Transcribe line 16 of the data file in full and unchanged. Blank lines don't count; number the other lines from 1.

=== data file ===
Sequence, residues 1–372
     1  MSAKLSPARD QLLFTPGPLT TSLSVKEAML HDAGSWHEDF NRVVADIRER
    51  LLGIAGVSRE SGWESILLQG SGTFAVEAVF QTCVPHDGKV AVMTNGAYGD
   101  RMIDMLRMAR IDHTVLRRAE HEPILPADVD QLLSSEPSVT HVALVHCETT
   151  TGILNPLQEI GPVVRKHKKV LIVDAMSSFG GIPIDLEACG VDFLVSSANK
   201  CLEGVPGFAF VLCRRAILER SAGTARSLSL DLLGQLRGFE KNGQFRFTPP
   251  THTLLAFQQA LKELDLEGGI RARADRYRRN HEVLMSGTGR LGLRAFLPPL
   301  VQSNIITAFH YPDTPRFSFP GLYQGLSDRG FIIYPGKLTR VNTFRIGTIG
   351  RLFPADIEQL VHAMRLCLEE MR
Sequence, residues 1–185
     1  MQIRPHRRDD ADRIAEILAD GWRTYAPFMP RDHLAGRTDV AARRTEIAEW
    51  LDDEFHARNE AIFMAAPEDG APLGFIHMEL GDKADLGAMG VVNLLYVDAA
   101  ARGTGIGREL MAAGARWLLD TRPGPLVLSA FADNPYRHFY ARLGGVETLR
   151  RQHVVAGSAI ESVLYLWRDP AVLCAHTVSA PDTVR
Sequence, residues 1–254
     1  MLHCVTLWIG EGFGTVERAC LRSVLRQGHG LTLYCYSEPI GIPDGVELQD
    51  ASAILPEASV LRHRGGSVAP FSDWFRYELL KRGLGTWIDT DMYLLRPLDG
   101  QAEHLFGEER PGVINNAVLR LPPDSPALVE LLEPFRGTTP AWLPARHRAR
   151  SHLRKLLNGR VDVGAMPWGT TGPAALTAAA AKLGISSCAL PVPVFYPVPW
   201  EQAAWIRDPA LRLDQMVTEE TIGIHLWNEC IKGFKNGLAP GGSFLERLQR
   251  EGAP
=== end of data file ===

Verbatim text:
     1  MLHCVTLWIG EGFGTVERAC LRSVLRQGHG LTLYCYSEPI GIPDGVELQD